The only salvation for James is his mobility scooter, which allows him to get out and about and do his shopping in big stores while sitting down. In February it became necessary for him to move into sheltered accommodation at Salix Homes Heraldic Court, off Langley Road South, but was told that he couldn’t take the scooter onto the property.

He left it in a yard for six weeks and then confronted Salix… “They said ‘You can bring it on the premises but you can’t charge it’” James recalls “I can charge it in my flat but that’s on the second floor and I can’t charge it in the communal area, so I’ve had to take it to my carer’s house.”

Home Safety Guide, issued by Salix Homes last year, brought complaints and accusations of discrimination, with guidelines stating that “Mobility scooters must not be stored in communal areas in blocks and sheltered schemes” and “We do not currently provide charging facilities for mobility scooters…”*

Instead, James has had to charge the scooter at his carer’s house, which entails getting a taxi for a double journey three times a week at £6 a time… “It’s costing me loads and I haven’t got a lot of money” he says “But without it I wouldn’t be able to get out…You’ve got a right to freedom of movement but mine is curtailed without it.”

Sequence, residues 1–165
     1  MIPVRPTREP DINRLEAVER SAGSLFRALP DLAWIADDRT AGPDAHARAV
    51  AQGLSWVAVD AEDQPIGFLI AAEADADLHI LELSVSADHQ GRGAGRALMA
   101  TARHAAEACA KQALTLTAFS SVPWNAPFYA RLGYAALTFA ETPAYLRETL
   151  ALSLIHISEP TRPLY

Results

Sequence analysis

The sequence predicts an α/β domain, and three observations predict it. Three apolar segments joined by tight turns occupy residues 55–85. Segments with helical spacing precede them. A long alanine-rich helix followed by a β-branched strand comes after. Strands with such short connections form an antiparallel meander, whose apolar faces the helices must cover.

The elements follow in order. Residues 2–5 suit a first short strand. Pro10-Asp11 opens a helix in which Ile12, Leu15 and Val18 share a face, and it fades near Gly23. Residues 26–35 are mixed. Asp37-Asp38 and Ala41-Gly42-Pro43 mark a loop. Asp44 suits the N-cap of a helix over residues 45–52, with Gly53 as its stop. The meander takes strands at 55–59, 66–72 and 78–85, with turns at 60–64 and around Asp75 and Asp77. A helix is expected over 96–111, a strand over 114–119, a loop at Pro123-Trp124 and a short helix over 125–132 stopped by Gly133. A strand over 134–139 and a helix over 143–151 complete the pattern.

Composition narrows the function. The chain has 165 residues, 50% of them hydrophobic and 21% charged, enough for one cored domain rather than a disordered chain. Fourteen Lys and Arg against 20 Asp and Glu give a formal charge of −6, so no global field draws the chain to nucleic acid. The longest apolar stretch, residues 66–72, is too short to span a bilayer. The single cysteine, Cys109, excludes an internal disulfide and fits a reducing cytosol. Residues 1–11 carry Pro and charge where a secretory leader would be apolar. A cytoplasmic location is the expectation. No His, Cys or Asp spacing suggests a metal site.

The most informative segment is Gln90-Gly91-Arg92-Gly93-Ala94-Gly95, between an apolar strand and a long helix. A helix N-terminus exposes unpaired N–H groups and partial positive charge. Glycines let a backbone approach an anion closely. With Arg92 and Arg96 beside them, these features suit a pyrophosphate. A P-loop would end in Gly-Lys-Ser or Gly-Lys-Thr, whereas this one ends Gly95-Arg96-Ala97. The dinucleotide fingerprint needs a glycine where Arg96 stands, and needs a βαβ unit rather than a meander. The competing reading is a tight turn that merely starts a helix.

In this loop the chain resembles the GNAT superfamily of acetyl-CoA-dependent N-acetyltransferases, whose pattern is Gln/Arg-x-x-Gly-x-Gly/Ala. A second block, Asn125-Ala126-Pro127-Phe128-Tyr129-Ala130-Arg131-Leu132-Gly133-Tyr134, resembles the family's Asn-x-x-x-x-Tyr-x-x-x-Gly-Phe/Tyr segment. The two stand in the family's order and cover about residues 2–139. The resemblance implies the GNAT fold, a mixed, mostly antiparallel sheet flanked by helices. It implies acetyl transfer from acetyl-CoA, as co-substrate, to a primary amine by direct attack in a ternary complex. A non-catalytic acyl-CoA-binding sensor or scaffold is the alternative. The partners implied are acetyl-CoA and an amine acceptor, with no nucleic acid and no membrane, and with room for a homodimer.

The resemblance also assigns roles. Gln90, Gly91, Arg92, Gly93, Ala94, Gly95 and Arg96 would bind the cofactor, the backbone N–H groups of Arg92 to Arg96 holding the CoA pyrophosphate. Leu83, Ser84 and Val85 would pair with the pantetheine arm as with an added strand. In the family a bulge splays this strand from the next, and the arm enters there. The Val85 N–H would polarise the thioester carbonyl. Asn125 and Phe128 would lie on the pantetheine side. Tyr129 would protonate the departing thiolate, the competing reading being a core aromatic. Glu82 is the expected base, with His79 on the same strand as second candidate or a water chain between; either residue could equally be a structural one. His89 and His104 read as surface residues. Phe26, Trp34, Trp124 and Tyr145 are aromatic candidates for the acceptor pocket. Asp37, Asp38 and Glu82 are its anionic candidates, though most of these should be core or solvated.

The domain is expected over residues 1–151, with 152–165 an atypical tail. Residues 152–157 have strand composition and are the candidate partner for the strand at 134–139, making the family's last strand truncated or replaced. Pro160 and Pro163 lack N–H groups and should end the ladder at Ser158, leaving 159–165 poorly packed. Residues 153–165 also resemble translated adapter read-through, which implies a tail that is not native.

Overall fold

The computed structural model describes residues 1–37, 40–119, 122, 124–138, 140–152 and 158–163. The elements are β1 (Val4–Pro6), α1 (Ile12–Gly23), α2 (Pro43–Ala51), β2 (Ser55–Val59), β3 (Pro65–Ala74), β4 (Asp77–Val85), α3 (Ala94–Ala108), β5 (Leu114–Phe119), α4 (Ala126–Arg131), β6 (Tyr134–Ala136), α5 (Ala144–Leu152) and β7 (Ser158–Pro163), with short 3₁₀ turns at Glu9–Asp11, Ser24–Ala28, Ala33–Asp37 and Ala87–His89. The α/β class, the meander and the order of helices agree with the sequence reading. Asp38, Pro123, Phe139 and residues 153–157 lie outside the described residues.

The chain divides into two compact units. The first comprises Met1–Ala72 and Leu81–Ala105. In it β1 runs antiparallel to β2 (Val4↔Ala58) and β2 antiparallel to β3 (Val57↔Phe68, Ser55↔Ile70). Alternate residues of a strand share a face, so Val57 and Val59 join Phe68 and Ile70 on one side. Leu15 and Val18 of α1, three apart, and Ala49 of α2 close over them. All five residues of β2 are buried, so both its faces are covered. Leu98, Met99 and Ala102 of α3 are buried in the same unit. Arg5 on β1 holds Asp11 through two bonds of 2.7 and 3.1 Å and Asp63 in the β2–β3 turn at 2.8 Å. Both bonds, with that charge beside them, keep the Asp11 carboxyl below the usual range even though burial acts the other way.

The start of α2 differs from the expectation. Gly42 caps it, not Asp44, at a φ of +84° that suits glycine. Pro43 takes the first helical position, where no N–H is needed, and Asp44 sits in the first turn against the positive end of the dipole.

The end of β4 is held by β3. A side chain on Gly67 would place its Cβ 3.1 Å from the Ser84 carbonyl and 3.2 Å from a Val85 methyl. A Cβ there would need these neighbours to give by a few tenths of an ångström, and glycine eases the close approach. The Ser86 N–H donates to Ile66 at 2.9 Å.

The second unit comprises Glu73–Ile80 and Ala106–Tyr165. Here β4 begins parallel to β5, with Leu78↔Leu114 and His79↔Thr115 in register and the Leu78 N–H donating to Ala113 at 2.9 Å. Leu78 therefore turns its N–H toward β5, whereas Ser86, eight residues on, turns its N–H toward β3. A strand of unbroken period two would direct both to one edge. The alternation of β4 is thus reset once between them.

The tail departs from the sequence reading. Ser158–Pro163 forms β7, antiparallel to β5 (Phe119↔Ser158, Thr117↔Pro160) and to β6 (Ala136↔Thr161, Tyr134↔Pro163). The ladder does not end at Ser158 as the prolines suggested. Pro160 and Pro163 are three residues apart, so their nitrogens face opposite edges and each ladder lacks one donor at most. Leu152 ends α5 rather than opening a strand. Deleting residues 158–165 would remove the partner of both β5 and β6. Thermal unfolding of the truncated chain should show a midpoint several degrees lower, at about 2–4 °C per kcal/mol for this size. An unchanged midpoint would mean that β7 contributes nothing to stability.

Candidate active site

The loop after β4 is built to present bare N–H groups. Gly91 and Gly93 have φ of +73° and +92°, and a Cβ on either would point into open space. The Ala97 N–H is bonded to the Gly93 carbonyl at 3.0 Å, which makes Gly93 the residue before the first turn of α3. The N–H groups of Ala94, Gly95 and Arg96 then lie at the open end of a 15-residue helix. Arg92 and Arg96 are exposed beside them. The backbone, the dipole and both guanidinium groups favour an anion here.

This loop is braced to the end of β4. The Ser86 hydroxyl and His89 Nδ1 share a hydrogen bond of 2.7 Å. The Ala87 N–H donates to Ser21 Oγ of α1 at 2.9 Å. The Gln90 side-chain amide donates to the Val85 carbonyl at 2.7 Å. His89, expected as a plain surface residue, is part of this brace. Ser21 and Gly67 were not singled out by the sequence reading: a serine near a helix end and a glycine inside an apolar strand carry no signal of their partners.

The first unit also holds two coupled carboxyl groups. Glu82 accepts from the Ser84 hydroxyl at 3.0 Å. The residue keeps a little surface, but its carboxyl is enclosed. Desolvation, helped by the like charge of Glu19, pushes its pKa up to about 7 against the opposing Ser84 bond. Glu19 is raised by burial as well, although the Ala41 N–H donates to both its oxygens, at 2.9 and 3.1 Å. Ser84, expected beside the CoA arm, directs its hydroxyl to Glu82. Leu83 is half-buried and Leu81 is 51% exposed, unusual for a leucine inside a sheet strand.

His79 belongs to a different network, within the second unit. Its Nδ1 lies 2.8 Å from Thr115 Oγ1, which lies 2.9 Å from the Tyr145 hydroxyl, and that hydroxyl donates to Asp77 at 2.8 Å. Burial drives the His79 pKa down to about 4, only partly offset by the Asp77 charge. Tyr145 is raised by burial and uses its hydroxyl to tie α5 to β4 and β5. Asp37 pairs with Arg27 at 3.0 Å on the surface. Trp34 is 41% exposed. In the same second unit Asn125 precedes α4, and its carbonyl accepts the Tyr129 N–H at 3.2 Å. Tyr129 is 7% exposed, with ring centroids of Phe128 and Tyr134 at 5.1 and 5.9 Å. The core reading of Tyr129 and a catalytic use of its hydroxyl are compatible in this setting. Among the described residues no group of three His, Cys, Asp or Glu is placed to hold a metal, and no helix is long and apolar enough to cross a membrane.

Now James and his advocate are further confronting Salix with Section 149 of the Equality Act 2010 which states that public bodies have a ‘general duty’ to ‘have due regard to’ a list of considerations, such as the need to advance equality of opportunity.

Indeed, James believes that Salix Homes could help its disabled tenants by looking at practical solutions. At Heraldic Court – scene of protests when Salix increased service charges recently** – there are three former bin bunkers which could be used as a mobility scooter parking and charging point… “It wouldn’t need much to adapt them, put points in them and upgrade the facilities” he explains “I’ve put it to them but haven’t had a reply.”

He does have a meeting with Salix Homes on Friday, where it is hoped that common sense prevails…

“It’s disappointing because I need the mobility scooter, I’m lost without it” James explains “It’s been a nightmare…”
Salford Star asked Salix Homes for a comment but the email was not even acknowledged and the company has failed to respond.

http://www.salfordstar.com/article.asp?id=4082

Austerity has trampled over disabled people’s rights. But the UK won’t admit it